Researchers have developed a simple breath test for detecting Type 1 diabetes, and say that the new non-invasive tool could possibly be an economical method for tracking day-to-day glucose levels.
At present, Type 1 diabetes or juvenile diabetes is detected by directly drawing a small amount of blood and assessing the amount of glucose it contains.
But it may be possible to sense diabetes on the breath, according to Armstrong Mbi, a graduate student at Mississippi State University.
Mbi and his advisor Chuji Wang have developed a new technique to detect acetone, one of the chemicals whose presence in the lungs rises when blood-sugar levels are high.
The team injected acetone-laden water vapour into a small chamber with mirrors. They then sent an infrared laser sensitive to the acetone into the hollow.
By detecting the amount of time it took the light to completely dissolve as it went back and forth between the mirrors, they were able to perceive amounts of acetone to concentrations of 0.45 parts per million by volume (ppmv).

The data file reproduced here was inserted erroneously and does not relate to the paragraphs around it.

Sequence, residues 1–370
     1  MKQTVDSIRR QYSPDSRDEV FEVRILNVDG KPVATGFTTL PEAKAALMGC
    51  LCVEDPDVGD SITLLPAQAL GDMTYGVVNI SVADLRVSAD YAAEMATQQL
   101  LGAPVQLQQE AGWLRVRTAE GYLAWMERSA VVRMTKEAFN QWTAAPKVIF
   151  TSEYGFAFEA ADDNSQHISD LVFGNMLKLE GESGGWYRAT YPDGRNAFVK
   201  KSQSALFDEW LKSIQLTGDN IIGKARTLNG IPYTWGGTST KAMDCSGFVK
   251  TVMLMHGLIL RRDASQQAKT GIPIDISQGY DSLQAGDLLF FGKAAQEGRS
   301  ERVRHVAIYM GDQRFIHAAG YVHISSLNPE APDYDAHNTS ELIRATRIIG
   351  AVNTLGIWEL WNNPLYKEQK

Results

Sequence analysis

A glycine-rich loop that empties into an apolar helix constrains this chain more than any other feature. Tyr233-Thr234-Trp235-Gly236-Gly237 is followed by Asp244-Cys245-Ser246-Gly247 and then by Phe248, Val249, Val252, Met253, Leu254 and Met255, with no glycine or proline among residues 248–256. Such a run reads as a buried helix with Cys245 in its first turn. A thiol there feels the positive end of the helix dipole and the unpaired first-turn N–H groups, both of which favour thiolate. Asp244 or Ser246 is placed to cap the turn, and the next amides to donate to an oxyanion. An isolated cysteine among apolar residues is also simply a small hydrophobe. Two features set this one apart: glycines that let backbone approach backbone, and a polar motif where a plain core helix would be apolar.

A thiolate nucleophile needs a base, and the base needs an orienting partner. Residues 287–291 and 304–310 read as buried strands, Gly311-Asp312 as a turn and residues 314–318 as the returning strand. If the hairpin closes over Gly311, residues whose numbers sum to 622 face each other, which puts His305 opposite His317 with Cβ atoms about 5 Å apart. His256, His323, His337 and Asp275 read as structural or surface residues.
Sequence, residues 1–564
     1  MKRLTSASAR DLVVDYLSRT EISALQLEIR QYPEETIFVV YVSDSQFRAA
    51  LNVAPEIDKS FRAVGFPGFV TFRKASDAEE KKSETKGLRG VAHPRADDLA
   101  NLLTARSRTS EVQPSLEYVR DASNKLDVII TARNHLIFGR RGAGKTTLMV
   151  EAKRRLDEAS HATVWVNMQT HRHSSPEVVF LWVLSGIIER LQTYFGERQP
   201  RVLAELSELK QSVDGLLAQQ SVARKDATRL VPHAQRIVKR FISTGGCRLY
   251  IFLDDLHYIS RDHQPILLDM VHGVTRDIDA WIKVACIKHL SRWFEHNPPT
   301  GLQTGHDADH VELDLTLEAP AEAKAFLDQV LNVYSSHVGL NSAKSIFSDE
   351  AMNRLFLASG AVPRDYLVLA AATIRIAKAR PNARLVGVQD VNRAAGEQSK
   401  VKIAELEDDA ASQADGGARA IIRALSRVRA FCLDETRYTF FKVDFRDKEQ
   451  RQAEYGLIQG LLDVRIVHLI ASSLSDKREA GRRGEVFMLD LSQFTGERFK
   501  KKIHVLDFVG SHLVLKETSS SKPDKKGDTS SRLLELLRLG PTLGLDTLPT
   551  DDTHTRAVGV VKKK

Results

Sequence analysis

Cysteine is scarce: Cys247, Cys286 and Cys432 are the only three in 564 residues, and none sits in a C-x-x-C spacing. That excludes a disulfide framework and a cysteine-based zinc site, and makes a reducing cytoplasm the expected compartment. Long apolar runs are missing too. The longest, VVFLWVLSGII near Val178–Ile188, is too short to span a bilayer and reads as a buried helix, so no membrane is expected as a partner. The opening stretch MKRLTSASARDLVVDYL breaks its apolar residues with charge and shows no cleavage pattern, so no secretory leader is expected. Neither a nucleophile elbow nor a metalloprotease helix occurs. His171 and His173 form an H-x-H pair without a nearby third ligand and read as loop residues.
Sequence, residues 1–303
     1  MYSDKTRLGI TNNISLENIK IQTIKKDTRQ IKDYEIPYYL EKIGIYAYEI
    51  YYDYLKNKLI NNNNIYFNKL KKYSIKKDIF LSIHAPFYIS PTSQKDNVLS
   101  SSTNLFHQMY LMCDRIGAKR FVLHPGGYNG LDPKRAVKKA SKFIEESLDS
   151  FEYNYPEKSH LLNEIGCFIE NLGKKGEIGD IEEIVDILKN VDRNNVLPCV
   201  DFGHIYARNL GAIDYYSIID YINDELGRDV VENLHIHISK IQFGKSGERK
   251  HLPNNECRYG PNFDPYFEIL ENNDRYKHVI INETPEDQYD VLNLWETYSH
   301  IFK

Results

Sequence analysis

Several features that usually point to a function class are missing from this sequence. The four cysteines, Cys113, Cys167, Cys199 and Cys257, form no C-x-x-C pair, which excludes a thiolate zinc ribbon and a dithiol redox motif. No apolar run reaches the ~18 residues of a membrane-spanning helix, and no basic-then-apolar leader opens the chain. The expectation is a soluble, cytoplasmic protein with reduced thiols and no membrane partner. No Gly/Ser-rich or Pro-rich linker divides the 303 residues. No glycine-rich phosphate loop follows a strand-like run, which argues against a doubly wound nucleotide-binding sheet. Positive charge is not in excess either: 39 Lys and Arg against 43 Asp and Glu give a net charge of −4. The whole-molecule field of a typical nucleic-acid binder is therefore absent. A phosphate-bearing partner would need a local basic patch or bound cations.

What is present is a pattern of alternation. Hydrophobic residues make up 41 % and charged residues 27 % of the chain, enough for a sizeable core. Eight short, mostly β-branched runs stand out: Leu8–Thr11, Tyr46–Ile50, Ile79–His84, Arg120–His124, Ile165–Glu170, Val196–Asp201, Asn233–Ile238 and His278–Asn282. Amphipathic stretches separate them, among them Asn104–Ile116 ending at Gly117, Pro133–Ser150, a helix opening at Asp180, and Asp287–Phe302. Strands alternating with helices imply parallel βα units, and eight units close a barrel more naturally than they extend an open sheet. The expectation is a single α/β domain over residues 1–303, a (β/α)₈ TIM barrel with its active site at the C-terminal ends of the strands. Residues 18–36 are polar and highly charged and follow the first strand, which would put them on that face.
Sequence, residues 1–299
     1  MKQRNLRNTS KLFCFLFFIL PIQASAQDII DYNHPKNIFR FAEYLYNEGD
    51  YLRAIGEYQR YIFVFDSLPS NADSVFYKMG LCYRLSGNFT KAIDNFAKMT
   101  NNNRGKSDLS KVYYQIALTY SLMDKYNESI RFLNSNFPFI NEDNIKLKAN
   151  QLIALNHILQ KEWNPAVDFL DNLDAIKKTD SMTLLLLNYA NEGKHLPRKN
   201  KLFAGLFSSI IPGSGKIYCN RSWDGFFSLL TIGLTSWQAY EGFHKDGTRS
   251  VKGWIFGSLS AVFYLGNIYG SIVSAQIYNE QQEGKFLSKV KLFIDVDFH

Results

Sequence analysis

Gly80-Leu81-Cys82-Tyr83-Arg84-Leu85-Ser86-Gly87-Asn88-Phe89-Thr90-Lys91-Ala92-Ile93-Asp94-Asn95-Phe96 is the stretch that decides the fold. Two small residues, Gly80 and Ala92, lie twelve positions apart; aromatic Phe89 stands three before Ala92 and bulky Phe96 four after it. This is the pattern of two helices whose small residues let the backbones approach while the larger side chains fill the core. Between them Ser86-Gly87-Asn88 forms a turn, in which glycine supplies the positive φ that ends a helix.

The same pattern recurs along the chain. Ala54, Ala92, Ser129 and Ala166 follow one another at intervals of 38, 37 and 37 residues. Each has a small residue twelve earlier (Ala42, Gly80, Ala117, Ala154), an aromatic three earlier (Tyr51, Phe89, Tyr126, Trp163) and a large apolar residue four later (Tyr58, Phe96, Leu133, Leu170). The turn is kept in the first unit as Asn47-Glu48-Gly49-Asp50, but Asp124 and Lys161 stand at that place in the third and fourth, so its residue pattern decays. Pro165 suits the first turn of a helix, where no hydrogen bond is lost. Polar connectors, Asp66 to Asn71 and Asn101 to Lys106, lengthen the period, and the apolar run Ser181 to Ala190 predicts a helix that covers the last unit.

Mbi says that initial tests show that typical diabetics have acetone levels greater than 1.4 ppmv. Based on the new test, they could tell if the person is diabetic or not.
The new technique sounds helpful to Matt Petersen, director of information resources for the American Diabetes Association in Alexandria, Virginia. Current tests are highly accurate but require blood samples.
“Non-invasive techniques are always better. If the technique could be extended to test daily blood-sugar levels, then it would be “extremely interesting,” Nature quoted Peterson, as saying.
Source:The Times Of India